Persistently elevated serum TBA ups risk of hepatocellular carcinoma development
Persistently elevated serum total bile acid (TBA) may increase the risk of developing hepatocellular carcinoma (HCC) in chronic hepatitis B (CHB) patients with regular antiviral treatment, according to a study presented at the 26th Conference of Asian Pacific Association for the Study of the Liver (APASL) in Shanghai, China.
Furthermore, this finding may help enhance routine surveillance for HCC in current clinical practice.
“Our retrospective study identified persistently elevated serum TBA as a major independent risk factor for HCC development in CHB patients receiving regular antiviral treatment,” researchers said. “A total of 37 (59.7 percent) HCC cases in our cohort were contributed by the patient populations with medium or high persistence of elevated serum TBA.”
During the initial follow-up, the serum alanine aminotransferase (ALT), HBV DNA and TBA level decreased progressively with the most marked decline due to antiviral treatment. [Sci Rep 2016;6: 38180]
A dose-response relationship was seen between persistence of elevated serum TBA and cumulative incidence of HCC in the whole cohort, in the subcohort of 937 cirrhotic patients without ascites and in the subcohort of 145 cirrhotic patients with ascites.
At the end of follow-up, the cumulative probability of HCC for the whole cohort was 2.7, 10.9 and 22.3 percent for patients with none-low, medium and high persistence of elevated serum TBA (p<0.001), respectively.
In the subcohort of cirrhotic patients without ascites, the respective cumulative probability at the end of follow-up was 6.4, 11.1 and 15.1 percent for patients with none-low, medium and high persistence of elevated serum TBA (p<0.001). The respective cumulative probability in the subcohort of cirrhotic patients with ascites at the end of follow-up was 0, 28 and 48 percent for patients with none-low, medium and high persistence of elevated serum TBA (p=0.002).
Patients with medium or high persistence of elevated serum TBA were more likely to have shorter length of follow-up, to have older age at entry, to be diagnosed with cirrhosis and ascites during follow-up, to have higher aspartate aminotransferase to platelet ratio index (APRI) score at the end of follow-up, and to have medium or high persistence of elevated serum ALT (p<0.05) than those with none-low persistence of elevated serum TBA.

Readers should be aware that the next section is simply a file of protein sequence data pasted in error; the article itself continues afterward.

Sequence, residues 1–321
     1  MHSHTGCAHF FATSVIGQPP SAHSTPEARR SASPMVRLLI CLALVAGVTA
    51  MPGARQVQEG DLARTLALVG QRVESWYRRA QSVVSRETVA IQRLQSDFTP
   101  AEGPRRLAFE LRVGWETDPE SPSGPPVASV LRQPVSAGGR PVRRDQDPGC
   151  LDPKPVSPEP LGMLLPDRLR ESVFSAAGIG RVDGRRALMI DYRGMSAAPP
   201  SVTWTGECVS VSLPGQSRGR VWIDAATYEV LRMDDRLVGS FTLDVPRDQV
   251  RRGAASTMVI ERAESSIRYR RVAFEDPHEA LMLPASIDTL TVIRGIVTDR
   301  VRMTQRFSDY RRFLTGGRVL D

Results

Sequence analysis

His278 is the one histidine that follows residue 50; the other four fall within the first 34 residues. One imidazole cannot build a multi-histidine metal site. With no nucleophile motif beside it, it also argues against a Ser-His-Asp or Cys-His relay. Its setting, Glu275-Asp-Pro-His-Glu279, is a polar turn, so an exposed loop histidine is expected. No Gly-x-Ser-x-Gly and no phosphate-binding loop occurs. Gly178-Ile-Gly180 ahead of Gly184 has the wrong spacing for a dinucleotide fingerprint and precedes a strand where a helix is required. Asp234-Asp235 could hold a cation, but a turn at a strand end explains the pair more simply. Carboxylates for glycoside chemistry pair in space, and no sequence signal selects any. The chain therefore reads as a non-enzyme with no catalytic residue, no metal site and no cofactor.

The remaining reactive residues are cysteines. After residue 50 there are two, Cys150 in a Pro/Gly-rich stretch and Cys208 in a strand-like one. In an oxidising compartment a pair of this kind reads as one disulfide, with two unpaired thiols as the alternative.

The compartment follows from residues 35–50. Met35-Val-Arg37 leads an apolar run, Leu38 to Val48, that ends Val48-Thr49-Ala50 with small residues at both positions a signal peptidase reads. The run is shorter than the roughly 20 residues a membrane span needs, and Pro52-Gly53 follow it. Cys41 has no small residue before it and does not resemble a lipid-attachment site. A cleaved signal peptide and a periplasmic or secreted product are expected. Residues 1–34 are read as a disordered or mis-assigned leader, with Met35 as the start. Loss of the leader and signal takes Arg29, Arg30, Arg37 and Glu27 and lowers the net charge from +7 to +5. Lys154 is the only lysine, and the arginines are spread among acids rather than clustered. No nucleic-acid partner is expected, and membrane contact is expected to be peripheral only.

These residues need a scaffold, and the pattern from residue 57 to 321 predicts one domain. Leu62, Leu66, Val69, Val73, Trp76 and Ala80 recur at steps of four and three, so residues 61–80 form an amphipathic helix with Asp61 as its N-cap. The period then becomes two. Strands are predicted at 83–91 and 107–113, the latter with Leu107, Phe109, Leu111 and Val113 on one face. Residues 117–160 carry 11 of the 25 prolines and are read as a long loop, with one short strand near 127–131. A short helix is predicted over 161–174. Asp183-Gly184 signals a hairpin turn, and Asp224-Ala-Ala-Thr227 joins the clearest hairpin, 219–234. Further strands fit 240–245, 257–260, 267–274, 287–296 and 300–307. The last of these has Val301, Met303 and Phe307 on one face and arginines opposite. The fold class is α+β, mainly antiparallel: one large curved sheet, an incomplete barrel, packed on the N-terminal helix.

Compared with patients with none-low persistence of elevated serum TBA, those with medium and high persistence of elevated serum TBA had multivariate adjusted ratios of 2.37 (95 percent CI, 1.16 to 4.84) and 2.57 (1.28 to 5.16), respectively.
“Accumulative metabolomics data has found elevated serum bile acid as a core metabolomics phenotype in almost all the types of liver diseases,” researchers said. “It is worthy to apply our findings on those liver diseases.”
A total of 2,262 CHB patients receiving regular antiviral treatment were analysed in a retrospective cohort study using data from the Hepatitis Biobank at Southwest Hospital Program from 2004 to 2014. A follow-up of at least 4 years was conducted in all CHB patients in the cohort, which also had serum TBA records in most (more than 90 percent) of the calendar years of their follow-up.
Also, patients were categorized according to persistence of elevated serum TBA during follow-up: none-low (elevated serum TBA in <1/3 of their follow-up time), medium (elevated serum TBA in 1/3 to 2/3 of their follow-up time) and high (elevated serum TBA in ≥2/3 of their follow-up time) persistence of elevated serum TBA. Similarly stratified during follow-up were the persistence of elevated serum ALT and HBV DNA.
Cox proportional hazard models and Kaplan-Meier analysis were used to estimate the association between HCC and persistence of elevated serum TBA.
“Bile acid has been associated with HCC in human and mice with bile acid receptor deficiency, and in mice with altered bile acid metabolism,” researchers said. “Elevated serum bile acid has been observed in CHB patients, while there is currently no epidemiological study to evaluate the independent contribution of elevated serum bile to HCC in CHB patient population.”